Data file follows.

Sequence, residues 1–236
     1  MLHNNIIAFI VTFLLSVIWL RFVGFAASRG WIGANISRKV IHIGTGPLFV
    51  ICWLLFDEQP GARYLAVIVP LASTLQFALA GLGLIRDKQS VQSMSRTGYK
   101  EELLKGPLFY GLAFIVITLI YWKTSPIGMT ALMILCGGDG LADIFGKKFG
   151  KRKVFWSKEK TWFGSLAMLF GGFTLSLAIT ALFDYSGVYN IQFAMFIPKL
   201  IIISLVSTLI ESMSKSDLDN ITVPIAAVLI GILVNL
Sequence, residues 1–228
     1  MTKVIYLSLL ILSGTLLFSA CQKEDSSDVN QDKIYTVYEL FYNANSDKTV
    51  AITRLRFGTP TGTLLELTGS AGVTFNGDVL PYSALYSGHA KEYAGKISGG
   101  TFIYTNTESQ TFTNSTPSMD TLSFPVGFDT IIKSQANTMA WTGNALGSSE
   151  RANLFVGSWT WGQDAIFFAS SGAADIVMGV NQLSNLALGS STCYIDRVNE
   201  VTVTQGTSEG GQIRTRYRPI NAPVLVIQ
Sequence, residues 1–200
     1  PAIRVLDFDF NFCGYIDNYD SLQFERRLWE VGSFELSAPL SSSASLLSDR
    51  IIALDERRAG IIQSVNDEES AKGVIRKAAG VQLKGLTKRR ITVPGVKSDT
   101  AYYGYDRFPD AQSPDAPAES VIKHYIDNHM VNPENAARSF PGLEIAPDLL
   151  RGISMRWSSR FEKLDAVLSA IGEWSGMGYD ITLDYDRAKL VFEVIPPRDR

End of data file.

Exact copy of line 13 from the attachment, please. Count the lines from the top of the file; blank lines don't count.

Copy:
Sequence, residues 1–200